Creating a novel requires a lot of thought. Actually, maybe that’s a bit of an understatement. You have to know the characters better than your best friends, your settings better than your home, and etc, etc. Well, you get the point. Novels take a lot of work.
If you’re like me, even brainstorming smaller chunks of a book take a while. Or should I say, a long, long while. By the time you find that great idea of yours, a lot of time spent researching, plotting, and brainstorming time has been already used up. You’ve dedicated a lot of energy into this idea and you wish to see it through.
What do you do then, when you realize your idea isn’t totally, well, yours?
You turn on the TV. You pick up a book. You listen to a song. You go to a movie. And there it is. Your supposed “best idea ever” sitting right there in front of you. Were you inspired off of these ideas? Maybe. Did you think this idea was totally unique? Totally. Is your book turning out to be an exact carbon copy of a movie that was already created? Yes.
That realization is very frustrating.
It just screams “I-can’t-believe-my-subconcious-was-secretly-telling-me-the-plot-of-this-other-book” and perhaps even the “wait-I-thought-I-was-genius-but-I-guess-not”. It’s the feeling that makes you want to *face palm* yourself or tear apart your notebook and computer.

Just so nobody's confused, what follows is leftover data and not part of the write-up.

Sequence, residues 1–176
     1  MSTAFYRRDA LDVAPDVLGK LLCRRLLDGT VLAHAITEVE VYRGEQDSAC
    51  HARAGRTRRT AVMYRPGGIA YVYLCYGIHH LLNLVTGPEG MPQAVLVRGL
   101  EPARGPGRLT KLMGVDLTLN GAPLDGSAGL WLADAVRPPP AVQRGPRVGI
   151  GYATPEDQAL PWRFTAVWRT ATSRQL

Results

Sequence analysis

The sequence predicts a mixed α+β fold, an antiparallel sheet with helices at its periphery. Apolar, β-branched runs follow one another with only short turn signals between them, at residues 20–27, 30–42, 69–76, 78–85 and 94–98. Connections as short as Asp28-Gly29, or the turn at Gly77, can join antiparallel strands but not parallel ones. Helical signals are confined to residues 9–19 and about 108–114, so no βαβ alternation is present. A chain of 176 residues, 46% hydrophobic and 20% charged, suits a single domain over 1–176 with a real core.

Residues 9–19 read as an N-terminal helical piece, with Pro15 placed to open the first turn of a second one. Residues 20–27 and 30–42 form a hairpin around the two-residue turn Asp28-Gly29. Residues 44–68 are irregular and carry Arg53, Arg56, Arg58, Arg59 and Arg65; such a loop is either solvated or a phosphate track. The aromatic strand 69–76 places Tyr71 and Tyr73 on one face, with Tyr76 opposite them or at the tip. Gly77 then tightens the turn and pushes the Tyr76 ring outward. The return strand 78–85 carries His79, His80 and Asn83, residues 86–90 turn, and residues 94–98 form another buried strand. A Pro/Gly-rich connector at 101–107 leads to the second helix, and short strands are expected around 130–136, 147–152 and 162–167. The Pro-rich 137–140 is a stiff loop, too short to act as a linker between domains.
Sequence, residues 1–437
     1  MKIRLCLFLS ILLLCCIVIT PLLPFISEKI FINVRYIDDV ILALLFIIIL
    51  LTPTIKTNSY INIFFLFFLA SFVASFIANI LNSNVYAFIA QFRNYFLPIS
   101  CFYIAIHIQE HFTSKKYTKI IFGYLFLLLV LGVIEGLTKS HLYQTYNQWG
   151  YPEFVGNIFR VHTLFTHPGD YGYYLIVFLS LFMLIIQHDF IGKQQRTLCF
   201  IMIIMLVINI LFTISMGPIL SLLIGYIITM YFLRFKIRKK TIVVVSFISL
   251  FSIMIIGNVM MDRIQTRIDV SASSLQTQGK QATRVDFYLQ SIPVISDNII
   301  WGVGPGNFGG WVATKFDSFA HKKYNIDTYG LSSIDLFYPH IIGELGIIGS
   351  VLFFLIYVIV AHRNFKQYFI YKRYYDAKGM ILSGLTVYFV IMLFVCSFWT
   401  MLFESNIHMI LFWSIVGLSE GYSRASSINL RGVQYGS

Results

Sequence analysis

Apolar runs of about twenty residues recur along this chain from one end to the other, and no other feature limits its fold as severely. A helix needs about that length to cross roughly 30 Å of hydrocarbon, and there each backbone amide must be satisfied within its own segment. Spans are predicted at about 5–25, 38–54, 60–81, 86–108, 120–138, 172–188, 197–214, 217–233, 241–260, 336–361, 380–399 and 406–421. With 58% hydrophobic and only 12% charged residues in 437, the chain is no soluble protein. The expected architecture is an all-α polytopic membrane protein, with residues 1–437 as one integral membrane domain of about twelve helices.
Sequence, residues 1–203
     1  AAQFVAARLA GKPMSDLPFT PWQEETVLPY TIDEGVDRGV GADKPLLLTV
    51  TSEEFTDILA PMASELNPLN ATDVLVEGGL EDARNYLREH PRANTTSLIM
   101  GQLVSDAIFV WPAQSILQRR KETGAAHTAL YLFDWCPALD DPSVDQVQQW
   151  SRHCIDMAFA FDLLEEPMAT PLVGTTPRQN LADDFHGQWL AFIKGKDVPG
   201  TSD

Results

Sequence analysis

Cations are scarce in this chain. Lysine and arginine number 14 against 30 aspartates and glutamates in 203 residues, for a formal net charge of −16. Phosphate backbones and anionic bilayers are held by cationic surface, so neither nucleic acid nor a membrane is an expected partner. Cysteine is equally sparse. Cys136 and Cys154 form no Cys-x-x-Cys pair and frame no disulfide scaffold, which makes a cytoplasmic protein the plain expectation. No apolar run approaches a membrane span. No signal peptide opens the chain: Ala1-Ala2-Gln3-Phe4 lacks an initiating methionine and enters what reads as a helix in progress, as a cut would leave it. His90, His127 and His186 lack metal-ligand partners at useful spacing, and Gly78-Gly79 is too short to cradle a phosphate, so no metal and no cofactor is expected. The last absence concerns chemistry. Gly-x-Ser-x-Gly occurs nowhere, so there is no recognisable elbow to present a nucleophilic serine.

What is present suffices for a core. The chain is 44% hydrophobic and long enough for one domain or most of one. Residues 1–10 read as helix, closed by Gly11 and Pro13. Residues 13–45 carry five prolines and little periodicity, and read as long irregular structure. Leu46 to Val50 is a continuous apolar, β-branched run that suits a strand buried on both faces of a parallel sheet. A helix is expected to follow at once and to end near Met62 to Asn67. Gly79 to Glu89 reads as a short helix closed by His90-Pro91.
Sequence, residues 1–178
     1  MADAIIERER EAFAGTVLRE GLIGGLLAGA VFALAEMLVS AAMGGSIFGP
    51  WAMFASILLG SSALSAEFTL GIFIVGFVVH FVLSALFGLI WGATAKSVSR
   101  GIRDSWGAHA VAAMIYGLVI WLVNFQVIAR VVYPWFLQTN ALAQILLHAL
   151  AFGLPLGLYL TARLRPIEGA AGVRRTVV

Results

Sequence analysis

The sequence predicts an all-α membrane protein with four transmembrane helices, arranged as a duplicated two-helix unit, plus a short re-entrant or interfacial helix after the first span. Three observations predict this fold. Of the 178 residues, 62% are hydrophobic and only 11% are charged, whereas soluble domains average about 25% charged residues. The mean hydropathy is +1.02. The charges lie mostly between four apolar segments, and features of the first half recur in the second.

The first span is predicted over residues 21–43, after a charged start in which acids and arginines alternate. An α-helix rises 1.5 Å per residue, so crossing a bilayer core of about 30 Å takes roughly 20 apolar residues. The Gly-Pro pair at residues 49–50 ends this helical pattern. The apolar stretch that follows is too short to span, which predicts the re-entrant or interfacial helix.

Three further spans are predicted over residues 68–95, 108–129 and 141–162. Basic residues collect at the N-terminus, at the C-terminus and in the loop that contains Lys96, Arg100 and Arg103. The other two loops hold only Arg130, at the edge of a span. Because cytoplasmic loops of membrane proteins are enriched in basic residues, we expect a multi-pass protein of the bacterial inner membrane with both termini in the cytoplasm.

Well, don’t worry. You won’t have to totally trash your 20,000 word manuscript. (And just don’t, even if you feel like it.)
The worst thing you can do for yourself while trying to get into that “creative mode” as a writer is to compare yourself to other books. Please. Do yourself a favor. Don’t worry if your ideas are similar and/or related. Your idea will grow more complex and develop as you go on, leaving it way different from where you started. In other words, keep at it. You can always add memorable characters, settings, and twists that not only make your book unique, but worth reading.
Quite frankly, no idea out there is totally new and original.
This isn’t a bad thing either. Some ideas throughout history are used over and over and over and over. Yet, people don’t seem to tire of them. Take the Hero’s Journey for example. This structure is used thousands of times throughout classic literature, movies, sci-fi, you name it. The Dystopia is extremely popular and incorporated in Young Adult books everywhere today. Even before the Hunger Games, Fahrenheit 451 was already out making a name for itself.
Every book has to start somewhere. Who knows? The idea you come up with today in your first draft, whether it be a remake of another book or seem completely far-fetched, may turn out to be completely different in your final draft.
So who cares if it’s been done before. It hasn’t been done by you.
As you might have noticed, I changed my theme a little (again). I’m totally loving it right now and can’t wait to get some more featured posts up. Good luck out there. Hope this little post helped a little 🙂 Tune in next week for some more TeenWritr stuff… As always, thanks for reading. ~Corine